When to Replant Flower Bed After Using Natural Weed Killer


If I use a natural grass killer in my rock garden, i.e. vinegar, salt, boiling water, etc., will I be successful in reseeding with wild flowers after rinsing the ground thoroughly with water?


Hardiness Zone: 1

Chip from Colorado


Hi Chip,

I'm going to use your question to address my feelings on using ANY form of chemical weed control. Whether natural or synthetic, all weed killers contain chemicals that can alter, and damage (sometimes permanently) soil chemistry. This includes weed killers that contain vinegar, dish soap, and worst of all, salt.

And while I've posted homemade week killer recipes on this website in the past that contain all three of these ingredients, these are not recipes that I have personally created, or that I personally use. These are recipes that can easily be found in various well-respected garden books, on websites all over the Internet, and perhaps most surprisingly, several extension websites. Posting them here was my thrifty attempt to steer gardeners away from synthetic weed killers that are often misunderstood, and as a result, misused.


I realize that not all gardeners, or gardeners visiting this site, garden organically. That is just fine. I happen to fall on the organic side of the fence. That said, I can no longer recommend (in good conscience) the use of any chemical agents (homemade or otherwise) to get rid of weeds in any soil that will potentially host plants in the future. Getting rid of weeds growing in cracks in someone's driveway may be another story.


To answer your question: It may be fine for getting rid of weeds in-between cracks in a sidewalk, but otherwise, never use salt from your cupboard on any soil where you want plants to grow again anytime soon. My best advice would be to remove the weeds in your rock garden by hand-pulling, flaming, or with boiling water. If you use any one of these three methods, you can replant immediately with no problems.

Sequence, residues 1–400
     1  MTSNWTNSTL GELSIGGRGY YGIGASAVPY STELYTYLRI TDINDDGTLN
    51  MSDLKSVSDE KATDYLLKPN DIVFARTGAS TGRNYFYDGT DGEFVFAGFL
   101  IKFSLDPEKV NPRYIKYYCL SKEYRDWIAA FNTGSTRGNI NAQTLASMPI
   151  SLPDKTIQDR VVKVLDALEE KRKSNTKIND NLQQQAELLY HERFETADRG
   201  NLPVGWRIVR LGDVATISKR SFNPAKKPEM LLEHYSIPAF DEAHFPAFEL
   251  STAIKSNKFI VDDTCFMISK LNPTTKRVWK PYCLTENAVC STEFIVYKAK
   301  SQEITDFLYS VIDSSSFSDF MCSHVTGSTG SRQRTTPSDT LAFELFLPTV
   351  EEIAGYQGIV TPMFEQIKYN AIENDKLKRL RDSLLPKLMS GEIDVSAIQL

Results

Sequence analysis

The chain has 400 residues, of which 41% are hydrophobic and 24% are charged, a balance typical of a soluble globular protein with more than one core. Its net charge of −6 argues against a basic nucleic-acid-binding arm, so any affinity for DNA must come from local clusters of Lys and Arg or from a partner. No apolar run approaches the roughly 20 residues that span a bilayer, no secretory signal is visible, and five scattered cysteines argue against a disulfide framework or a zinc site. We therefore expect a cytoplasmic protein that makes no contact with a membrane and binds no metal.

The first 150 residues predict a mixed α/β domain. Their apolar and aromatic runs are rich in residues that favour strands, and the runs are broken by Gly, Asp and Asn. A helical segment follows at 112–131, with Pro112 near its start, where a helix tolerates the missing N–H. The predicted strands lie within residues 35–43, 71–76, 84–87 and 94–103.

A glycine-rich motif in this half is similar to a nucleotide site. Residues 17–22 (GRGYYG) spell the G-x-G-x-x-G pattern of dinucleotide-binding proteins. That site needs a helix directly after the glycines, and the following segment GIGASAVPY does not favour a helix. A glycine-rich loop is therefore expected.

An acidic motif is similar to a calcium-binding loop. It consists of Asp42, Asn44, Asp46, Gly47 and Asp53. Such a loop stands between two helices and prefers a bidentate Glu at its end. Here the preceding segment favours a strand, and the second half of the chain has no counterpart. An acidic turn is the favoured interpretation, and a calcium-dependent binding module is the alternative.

About The Author: Ellen Brown is an environmental writer and photographer and the owner of Sustainable Media, an environmental media company that specializes in helping businesses and organizations promote eco-friendly products and services. Contact her on the web at

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By melissa (Guest Post)
April 30, 20080 found this helpful

I feel that it would be okay. I used the same kind of thing for the slugs and ants I had last year.
I have a mix of flowers plus herbs and everything was fine. You could also pick up a ph soil tester for under $10.

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May 2, 20160 found this helpful


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April 30, 20080 found this helpful

Thank you!

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May 3, 20080 found this helpful

How much salt did you use? Soil holds salt and salt kills plants. There may be a problem.

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October 2, 20090 found this helpful

My words would be as Ellen's are. As a natural or organic gardener, I would NIX the salt unless you really DON'T want things planted in that area. I use the soap/water in spray bottle, vinegar where I don't want anything immediately.


One thing was to give an area of 'weeds' some miracle grow and in a couple weeks, the weeds/seedlings were large enough I could tell which to pull out!

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